There’s a good chance women with low heart rate variability (HRV) also suffer from sexual dysfunction, says a new study from the University of Texas at Austin.

The American Heart Association explains HRV is the amount of time between one heartbeat and the next. Any changes to this time can predict poor health, and some studies show low HRV is associated with higher risk of death in patients with heart disease. Since sexual arousal has to do with blood pressure, it’s not surprising HRV could impact sexual function.

The present study analyzes data collected from 72 women aged 18 to 39 who participated in previous experiments by UT-Austin. These experiments measured HRV and sexual function as women watched a neutral and erotic film clip, in that order. Sexual function means physiological arousal and overall function, which refers to lubrication, pain, and satisfaction.

Like men, as separate research shows there’s a link between HRV and erectile dysfunction, researchers found women with below average HRV were significantly more likely to report sexual arousal and overall sexual dysfunction compared to women with greater HRV.

"Our study indicated that low [HRV] might place women at risk for sexual arousal problems and overall sexual difficulties," said Dr. Amelia Stanton, study author and clinical psychologist at UT-Austin, in a press release. "Given that low resting [HRV] has been associated with depression, anxiety, and alcohol dependence, it is not surprising that it may also predict female sexual dysfunction."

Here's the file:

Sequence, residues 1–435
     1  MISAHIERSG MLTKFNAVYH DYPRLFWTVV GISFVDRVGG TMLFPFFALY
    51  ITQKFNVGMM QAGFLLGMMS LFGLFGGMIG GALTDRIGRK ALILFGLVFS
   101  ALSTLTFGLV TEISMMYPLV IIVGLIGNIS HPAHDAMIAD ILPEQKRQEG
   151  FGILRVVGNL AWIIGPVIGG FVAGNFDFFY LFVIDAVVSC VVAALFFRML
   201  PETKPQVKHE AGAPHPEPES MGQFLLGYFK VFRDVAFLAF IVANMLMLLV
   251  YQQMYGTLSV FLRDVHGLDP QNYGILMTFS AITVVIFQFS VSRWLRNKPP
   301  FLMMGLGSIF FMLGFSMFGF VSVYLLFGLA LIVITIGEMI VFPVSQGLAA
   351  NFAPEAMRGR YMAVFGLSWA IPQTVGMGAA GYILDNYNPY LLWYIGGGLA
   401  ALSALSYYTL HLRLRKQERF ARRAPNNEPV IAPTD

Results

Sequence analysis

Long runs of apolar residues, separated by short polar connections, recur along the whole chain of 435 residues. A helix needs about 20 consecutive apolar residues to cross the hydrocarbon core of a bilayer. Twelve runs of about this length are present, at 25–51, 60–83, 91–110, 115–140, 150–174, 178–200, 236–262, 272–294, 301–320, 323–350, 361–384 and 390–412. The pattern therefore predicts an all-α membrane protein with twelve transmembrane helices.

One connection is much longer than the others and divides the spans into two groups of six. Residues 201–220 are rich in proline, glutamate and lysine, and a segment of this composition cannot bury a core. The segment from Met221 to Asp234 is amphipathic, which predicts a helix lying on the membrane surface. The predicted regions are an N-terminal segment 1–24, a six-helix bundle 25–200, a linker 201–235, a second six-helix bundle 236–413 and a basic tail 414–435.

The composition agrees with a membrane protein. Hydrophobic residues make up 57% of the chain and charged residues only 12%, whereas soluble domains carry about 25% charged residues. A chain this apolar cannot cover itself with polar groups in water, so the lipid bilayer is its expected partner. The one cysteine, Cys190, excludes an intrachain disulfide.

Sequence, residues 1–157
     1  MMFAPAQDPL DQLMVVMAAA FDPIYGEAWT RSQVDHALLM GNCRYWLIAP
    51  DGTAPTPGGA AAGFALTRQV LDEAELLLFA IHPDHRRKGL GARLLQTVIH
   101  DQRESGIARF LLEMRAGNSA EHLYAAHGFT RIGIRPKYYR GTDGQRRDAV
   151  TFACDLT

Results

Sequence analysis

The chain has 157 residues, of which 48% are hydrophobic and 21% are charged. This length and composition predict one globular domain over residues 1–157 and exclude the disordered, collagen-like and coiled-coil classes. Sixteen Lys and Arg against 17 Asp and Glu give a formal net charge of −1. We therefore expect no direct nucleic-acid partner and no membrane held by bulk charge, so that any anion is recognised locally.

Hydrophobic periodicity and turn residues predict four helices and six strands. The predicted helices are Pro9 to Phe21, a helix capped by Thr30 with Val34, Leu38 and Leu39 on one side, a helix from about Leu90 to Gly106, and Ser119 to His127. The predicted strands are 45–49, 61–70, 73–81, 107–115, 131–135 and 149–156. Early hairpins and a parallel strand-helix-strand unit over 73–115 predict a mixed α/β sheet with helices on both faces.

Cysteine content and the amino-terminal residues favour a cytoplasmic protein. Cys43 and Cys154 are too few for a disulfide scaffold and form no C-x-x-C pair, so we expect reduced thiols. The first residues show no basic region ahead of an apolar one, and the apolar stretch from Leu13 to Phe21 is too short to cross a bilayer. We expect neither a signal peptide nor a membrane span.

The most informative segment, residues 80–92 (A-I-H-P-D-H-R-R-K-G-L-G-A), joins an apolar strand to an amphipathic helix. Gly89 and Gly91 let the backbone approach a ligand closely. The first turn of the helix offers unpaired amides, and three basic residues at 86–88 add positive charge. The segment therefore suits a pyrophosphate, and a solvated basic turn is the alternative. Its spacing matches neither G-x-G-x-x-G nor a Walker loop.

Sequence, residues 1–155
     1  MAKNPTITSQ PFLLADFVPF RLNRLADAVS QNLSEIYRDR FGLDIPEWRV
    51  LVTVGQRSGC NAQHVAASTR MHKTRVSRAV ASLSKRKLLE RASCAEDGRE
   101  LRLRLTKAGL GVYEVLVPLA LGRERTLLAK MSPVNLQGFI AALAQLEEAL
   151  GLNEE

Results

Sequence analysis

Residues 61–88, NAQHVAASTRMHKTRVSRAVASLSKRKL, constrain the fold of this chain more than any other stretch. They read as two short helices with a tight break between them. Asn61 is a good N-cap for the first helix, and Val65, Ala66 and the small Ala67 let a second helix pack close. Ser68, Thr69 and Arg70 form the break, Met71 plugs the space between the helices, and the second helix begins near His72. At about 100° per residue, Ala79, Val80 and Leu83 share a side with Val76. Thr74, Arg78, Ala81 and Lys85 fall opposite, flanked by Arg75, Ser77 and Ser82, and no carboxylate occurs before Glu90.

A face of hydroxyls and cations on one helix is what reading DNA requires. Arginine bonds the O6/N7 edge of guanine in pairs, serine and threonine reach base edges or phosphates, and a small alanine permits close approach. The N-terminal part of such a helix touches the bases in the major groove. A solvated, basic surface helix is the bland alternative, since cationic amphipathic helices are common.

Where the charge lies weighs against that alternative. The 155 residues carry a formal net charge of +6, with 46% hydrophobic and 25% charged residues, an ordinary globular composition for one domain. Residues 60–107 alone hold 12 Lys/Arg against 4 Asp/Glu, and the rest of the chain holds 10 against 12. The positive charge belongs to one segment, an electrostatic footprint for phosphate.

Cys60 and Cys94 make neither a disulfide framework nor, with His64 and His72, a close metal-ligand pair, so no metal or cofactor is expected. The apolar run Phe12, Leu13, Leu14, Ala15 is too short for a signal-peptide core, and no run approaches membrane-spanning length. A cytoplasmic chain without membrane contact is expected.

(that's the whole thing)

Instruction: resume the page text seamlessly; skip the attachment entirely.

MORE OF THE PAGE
Stanton added monitoring HRV in the future “could be a cost-effective, easy to administer, and non-intrusive index that clinicians can use to assess potential sexual dysfunction.” It may also be valuable in treating women with established sexual dysfunction and heart problems.

Female sexual dysfunction is marked by low sexual desire, an inability to get aroused, lack of orgasm, and/or painful intercourse. Though a 2008 study published in the journal Obstetrics and Gynecology found about four out of every 10 women experience dysfunction, many women are reluctant to say so.

The Association of Reproductive Health Professionals (ARHP) believes this has to do with the communication gap resulting from “formal medical sexual training for health care providers in the assessment and management of female sexuality and sexual dysfunction.” There are also persistent myths, such as “asking about sexual health is akin to opening Pandora’s Box" or there are no effective treatments for women (wrong and wrong).

“The myth that there are no effective treatments available for female sexual dysfunction is pervasive… a number of disorders, such as vaginal atrophy [dryness], can be effectively treated,” ARHP said.

Source: Stanton, A.M. et al. Heart Rate Variability: A Risk Factor for Female Sexual Dysfunction. Applied Psychophysiology and Biofeedback, 2015.